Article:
In addition, Lifepixel (like other conversion services) has several different types of infrared filters to choose from. The filters are installed inside the camera, after the filter that the camera came with to prevent IR light from passing through is removed. You can choose an IR filter that produces only black and white images, or a color filter. You can also choose a “full spectrum filter” that lets visible light as well as infrared light pass through to the sensor. This gives you more flexibility, but you will probably need to use IR filters on the lens to get IR effects.
During the conversion process, the camera is also adjusted to ensure that metering and auto-focus are adjusted for infrared light. Unless you send a lens for calibration, the camera’s auto-focus is adjusted based on a standard lens used for that manufacturer’s cameras. For example, Canon DSLRs are adjusted using a Canon 50 1.8 II lens unless you opt for the custom calibration service and send in the lens you prefer to have the camera calibrated with. Of course, fixed-lens cameras are calibrated using the built-in lens.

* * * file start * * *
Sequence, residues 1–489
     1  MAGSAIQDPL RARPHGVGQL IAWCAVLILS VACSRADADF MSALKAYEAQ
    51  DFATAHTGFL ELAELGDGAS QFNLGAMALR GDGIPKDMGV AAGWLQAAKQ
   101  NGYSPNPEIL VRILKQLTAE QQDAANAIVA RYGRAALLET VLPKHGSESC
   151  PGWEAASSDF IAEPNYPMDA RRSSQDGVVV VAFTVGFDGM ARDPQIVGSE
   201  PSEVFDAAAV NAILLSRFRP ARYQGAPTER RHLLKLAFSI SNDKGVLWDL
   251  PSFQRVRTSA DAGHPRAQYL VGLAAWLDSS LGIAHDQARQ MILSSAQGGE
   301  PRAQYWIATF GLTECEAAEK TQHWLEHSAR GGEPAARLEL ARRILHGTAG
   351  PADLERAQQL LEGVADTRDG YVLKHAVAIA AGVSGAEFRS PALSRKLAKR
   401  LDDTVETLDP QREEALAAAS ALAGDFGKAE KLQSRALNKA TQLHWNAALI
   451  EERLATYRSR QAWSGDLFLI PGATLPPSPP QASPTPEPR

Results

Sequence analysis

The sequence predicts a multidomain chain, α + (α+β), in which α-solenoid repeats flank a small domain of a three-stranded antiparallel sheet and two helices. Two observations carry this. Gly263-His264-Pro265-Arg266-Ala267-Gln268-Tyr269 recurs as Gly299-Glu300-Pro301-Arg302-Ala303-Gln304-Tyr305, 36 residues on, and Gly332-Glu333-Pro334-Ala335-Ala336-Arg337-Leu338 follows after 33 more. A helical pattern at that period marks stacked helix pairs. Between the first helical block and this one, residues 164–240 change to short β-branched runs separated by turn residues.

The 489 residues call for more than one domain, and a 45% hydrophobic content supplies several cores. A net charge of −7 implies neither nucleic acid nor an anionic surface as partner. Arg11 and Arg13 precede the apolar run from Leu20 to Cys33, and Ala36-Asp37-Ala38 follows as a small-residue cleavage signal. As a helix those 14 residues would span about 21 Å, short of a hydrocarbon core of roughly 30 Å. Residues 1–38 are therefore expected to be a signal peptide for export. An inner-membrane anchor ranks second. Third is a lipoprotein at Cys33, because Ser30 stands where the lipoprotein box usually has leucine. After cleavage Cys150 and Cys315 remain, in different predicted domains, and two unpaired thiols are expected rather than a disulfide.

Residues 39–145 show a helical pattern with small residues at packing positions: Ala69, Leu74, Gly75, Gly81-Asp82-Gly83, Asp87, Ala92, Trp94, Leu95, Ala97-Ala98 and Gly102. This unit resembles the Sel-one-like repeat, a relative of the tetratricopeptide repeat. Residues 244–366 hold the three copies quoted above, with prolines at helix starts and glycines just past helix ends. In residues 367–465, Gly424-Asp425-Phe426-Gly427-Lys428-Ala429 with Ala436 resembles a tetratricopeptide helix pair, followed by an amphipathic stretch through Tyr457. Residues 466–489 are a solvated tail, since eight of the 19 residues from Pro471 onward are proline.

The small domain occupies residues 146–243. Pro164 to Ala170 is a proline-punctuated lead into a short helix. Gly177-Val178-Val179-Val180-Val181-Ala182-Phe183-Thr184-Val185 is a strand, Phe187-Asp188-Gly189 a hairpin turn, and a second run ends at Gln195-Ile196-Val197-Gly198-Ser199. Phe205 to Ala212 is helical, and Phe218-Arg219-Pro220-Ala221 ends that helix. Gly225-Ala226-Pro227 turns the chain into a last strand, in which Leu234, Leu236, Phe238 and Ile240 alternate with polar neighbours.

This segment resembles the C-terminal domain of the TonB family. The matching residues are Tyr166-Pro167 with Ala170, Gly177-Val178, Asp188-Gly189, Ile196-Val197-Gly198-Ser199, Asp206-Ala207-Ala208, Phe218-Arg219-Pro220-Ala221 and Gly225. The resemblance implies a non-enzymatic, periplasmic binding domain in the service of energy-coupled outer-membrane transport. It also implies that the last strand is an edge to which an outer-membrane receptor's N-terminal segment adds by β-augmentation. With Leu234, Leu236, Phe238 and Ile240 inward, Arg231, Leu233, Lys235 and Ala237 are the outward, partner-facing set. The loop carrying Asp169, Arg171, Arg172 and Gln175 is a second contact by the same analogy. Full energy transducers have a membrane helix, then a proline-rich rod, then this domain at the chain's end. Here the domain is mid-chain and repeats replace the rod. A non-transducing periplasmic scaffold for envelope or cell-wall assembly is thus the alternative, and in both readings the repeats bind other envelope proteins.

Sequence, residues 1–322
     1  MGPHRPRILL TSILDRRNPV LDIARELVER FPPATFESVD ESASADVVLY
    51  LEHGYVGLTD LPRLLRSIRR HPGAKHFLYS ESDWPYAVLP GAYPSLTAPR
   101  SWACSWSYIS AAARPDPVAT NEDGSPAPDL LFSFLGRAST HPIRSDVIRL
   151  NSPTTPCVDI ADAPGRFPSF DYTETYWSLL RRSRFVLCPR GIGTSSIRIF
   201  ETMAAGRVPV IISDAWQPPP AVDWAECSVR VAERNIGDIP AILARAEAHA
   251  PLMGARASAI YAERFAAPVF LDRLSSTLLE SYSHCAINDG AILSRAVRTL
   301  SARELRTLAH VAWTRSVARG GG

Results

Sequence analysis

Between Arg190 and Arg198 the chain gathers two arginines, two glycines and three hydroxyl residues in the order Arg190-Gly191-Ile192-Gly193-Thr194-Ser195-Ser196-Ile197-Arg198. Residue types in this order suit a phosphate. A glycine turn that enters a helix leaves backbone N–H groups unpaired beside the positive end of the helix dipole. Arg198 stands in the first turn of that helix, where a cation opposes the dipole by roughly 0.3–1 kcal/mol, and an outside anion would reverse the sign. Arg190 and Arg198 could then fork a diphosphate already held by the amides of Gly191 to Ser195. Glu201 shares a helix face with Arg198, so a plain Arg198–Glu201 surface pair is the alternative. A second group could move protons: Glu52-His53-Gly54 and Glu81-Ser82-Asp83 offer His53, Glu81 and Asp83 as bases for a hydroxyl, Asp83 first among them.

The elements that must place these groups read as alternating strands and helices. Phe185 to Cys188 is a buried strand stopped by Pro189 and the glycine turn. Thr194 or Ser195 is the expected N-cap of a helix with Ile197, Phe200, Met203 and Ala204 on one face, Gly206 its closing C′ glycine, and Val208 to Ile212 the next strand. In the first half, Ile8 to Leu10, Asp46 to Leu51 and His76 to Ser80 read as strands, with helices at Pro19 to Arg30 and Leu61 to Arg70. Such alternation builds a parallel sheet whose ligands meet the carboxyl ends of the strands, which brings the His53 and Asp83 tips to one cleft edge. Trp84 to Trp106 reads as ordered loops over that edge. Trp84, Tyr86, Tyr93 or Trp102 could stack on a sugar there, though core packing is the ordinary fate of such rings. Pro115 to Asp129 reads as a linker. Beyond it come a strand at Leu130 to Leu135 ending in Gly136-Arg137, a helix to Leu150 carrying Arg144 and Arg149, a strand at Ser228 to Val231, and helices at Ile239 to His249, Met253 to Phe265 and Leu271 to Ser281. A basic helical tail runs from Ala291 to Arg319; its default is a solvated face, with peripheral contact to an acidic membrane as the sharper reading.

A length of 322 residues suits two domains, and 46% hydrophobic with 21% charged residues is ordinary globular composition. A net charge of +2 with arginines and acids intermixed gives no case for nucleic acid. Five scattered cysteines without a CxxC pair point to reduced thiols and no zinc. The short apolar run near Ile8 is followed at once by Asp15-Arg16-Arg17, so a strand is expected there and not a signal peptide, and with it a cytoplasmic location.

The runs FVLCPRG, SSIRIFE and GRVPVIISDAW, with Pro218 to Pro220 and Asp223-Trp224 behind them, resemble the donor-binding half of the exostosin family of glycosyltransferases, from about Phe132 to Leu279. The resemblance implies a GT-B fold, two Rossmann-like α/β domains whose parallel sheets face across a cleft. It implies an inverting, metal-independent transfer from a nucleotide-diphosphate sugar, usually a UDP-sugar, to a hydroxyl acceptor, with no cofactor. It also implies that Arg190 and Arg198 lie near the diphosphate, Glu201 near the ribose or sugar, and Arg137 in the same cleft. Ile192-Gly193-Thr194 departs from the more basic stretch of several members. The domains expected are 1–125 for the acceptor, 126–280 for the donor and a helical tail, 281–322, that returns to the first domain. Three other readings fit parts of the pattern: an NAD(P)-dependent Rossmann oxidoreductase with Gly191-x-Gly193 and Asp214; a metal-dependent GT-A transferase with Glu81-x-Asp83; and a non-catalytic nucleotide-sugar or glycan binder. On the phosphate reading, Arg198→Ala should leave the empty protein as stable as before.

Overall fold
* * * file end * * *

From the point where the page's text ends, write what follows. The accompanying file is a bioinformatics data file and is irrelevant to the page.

I like the look of black and white infrared, but prefer using a color IR filter to have the added flexibility, since obviously color images can be converted to black and white. I started with a small Canon DSLR, because I already had several good Canon lenses. I found a good deal on a refurbished Rebel T2i, a model that had been discontinued, and sent it to Lifepixel for conversion with their “supercolor” filter. I recently decided to upgrade to full frame and found a deal on eBay for a used Canon 5D (original version) that had already been converted by Lifepixel with an “enhanced color” filter. The IQ with the 5D is noticeably better than with the T2i, but there is a downside: the 5D does not have a live view function, which can be very useful with IR photography. Also since it is an older camera the LCD is small and the menu system and ergonomics generally are not as nice as on newer Canon models.